Wednesday, January 4, 2012

Welcome to the Final Act

I'm much more fuzzy headed today than I was yesterday and I can't decide if that has to do with me being tired or with me being cold.  It is particularly cold today at school, and I always blame that on our poorly insulated cinder block walls and windows leaching out all the heat.  My desk is right next to the outer wall and it feels like an ice chest over here.  I've been passing out earlier and earlier these days too, so I shouldn't be tired...but yet I have the itchy eyes and slow wits of a guy who hasn't slept enough.  Maybe its a body is cold so it wants to hibernate.  At any rate, it is uncomfortable and it makes for something of a slow day.  On the up side, I am now over halfway finished with my freshman semester exam and I wager I will have it finished by Friday (just in time to go home and doctor up some hefty review sheets for my freshmen and sophomores over the weekend...just what I always wanted).  It's my third round of semester exams and it is starting, finally, to feel routine.  Speaking of third entries, today I am going to talk about the third film in the "Scream" franchise which was also the concluding chapter until this year's fourth entry...and in many ways it still is a final entry in single story.  Kevin Williamson has said he always envisioned "Scream" as a trilogy when he began working on the first part and Wes Craven found the idea of a horror trilogy compelling.  Most franchises go to part three and then immediately to parts 4, 5, and 6 fairly quickly before they run out of steam, never focusing on making a cohesive whole and more-so wishing to repeat the formula as the first films so it would be fascinating to see how a horror trilogy would conclude.  Let's see now where the story of Sidney Prescott would end in Scream 3.

Tragedy strikes in Hollywood during the filming of Stab 3, the third film based on the Woodsboro killings, when Cotton Weary, formerly accused by Sidney of raping and murdering her mother, and his girlfriend Christine are brutally murdered by a new Ghostface killer.  At first, this appears to be yet another copycat killer like at Windsor College, but the killer's victims all have a connection to Sidney Prescott and his single drive is to find her and bring her out of hiding.  Add to that the wrinkle of him leaving a photo of young Maureen Prescott at each crime scene and the fact that he admits to having been the one to actually kill her (unlike Billy and Stu from the original massacre), suddenly this "sequel" seems to be taking a strange turn.  Meanwhile, Sidney has been living in seclusion in the California country side and is living and working under a fake name so that no one can ever terrorize her again.  However, her own restless thoughts about her mother and eventual knowledge of a new killer finally force her out of hiding and into the path of the madman in order to face her past and her future.

Scream 3 in concept was very ambitious and perhaps the most risky of the three films to make up to this point because of the massive success of the first two films and what the creators were trying to do to up the ante in this installment.  In classic trilogies, like The Godfather and Star Wars, the past and it's slow discovery in the present has a great deal to do with the structure of those tales and how they eventually play out.  So too was Scream 3 structured, once again focusing on Sidney and what she does and does not know about her mother.  The idea that the killer in this film could be a mastermind of the first film tantalized and teased fans anxiously awaiting the release of the film and, at least as far as the filmmakers were concerned, that promise was fulfilled.  However, due to creating much of this backstory for the third film and the fact that it all managed to seem more "movie-like" than realistic like the first two, fans didn't take to this installment as they did to the first two.  Add to that the fact that it was written by Ehren Krueger and not Kevin Williamson (based on bits of his treatment), that seemed to be the nail in the coffin for this installment and would forever cement it as the weakest of the series.  I think that misses many points however, as the film also brilliantly skewers the politics and process of making movies in Hollywood (just as the first film skewered horror film cliches and the second film poked fun at sequels).  Since the movie-within-the-movie, Stab 3, covers a completely fictional story that returns to the hometown of Woodsboro and the actors who are playing Sidney, Dewey, and Gale are along side the surviving trio as targets and suspects, the film becomes a high-octane house of mirrors and illusions that repeats portions of the first film and still allows for surprises.  Highlights include a chase scene between Sidney and Ghostface through the set of her home in Woodsboro and Jenny McCarthy's big scene where she complains about playing the girl who gets killed second to the actual killer who plans to make her the second victim.  It is self-reflexive almost to the point of parody which I found clever but others found cloying.  In fact, the film was mandated to be tamer than the first two because it came out just after the Columbine killings so the emphasis was always meant to be more on comedy than horror.  In many ways, I think Scream 3 is a fitting conclusion to the original trilogy despite its slightly odd missteps.  It effectively breaks many of its own rules and furthers the characters of Sidney, Dewey, and Gale as.  If you've watched them all up to this point, give this one a whirl too.  "Scream" is still better than most of the horror out there even on it's worst day.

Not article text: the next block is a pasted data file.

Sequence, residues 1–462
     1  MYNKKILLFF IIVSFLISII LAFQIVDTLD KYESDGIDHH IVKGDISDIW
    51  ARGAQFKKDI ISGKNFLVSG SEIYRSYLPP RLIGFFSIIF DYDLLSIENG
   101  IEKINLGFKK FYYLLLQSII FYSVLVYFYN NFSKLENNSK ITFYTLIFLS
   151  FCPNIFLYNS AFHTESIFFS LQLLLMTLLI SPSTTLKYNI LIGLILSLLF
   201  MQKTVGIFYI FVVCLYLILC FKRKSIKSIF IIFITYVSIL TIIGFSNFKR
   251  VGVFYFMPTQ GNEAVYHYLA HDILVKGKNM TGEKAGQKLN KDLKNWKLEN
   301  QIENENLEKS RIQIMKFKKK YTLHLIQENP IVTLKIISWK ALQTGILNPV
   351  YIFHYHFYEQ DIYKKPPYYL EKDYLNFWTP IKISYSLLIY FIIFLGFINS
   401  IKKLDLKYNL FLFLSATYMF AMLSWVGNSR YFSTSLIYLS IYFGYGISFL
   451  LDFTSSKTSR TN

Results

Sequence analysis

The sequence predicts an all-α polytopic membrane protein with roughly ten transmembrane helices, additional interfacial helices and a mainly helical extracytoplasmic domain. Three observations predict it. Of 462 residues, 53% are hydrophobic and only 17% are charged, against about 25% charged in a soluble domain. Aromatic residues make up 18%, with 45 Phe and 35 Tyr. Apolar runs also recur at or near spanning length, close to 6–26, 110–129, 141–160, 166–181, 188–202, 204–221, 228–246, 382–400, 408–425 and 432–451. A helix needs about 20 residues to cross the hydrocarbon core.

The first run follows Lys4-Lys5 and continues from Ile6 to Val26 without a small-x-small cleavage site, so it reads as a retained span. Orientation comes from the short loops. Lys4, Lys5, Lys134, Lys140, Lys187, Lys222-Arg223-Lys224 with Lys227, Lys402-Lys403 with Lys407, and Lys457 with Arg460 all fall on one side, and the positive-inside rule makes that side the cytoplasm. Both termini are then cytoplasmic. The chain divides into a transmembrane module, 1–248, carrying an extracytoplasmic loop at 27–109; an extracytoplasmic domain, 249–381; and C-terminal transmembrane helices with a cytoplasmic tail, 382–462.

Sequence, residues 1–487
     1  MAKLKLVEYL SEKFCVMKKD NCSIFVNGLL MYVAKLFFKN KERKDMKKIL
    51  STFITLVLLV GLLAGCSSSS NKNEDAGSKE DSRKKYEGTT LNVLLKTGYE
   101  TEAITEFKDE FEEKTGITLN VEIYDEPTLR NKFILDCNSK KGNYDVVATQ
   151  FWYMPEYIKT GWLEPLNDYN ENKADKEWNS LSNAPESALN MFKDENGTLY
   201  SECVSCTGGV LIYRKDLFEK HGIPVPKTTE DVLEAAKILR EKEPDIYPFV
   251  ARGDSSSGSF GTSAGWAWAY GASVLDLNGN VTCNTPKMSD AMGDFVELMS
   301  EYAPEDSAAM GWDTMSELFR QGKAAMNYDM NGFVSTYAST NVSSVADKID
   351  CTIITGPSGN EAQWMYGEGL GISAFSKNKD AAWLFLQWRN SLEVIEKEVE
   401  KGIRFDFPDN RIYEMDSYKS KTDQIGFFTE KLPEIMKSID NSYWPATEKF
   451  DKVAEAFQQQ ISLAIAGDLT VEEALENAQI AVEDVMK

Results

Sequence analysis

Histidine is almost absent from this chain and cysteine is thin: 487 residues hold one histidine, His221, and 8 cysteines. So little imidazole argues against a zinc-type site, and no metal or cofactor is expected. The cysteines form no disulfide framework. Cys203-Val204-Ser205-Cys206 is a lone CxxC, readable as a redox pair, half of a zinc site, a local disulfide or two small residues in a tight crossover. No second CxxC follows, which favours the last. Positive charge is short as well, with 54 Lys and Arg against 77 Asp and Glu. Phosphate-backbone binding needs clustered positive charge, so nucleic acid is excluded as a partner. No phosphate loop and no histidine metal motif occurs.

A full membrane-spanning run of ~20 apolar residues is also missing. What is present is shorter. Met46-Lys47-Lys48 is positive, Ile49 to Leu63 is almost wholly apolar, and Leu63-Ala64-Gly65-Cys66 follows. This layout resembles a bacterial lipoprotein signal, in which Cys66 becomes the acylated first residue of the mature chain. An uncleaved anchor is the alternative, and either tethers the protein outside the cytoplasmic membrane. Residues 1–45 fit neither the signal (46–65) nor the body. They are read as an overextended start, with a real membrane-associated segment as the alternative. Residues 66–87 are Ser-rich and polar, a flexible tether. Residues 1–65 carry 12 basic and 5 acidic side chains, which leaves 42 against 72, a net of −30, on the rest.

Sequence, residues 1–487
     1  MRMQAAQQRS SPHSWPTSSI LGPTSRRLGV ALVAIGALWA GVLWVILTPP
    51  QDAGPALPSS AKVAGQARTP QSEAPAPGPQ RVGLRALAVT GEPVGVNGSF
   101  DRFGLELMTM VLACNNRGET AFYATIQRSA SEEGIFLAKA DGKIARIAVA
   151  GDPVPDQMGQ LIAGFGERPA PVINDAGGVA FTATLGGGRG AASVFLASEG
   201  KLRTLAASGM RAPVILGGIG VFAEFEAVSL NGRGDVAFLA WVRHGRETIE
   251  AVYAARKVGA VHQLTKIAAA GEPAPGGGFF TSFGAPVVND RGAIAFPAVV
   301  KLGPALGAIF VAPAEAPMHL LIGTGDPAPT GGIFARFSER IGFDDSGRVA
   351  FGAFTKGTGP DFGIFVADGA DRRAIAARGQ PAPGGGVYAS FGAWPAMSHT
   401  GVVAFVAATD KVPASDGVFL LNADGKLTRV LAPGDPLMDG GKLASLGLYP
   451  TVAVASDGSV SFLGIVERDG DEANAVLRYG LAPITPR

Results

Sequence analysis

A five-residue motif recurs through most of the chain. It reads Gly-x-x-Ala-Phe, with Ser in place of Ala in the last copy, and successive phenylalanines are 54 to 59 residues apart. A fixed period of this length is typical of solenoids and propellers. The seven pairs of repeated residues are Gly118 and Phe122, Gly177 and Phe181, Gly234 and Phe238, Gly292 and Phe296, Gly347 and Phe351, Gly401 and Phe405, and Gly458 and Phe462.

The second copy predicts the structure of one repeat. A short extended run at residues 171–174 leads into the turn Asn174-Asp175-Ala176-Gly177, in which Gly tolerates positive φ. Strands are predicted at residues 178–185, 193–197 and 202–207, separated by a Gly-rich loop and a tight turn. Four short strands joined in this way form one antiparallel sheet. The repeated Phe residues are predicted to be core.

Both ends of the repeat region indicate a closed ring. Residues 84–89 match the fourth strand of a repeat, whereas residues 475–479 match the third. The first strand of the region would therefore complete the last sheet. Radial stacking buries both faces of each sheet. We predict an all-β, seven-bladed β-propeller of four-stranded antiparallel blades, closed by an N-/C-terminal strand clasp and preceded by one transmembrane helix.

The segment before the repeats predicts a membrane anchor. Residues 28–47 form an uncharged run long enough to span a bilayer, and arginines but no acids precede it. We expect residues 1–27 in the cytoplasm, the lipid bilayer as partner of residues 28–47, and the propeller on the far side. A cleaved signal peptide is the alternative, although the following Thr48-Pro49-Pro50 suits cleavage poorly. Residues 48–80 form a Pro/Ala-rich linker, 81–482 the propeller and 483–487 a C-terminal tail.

No comments: